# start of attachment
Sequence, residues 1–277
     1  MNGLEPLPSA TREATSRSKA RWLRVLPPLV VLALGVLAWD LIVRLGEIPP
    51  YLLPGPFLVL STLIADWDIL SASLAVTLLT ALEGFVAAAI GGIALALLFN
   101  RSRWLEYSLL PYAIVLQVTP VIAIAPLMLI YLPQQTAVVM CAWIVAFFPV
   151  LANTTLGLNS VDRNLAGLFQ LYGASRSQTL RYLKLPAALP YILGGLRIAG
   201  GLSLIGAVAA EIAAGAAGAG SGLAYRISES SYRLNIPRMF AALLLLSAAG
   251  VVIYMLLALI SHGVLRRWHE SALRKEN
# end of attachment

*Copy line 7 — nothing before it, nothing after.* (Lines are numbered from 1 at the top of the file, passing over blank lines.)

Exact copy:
   251  VVIYMLLALI SHGVLRRWHE SALRKEN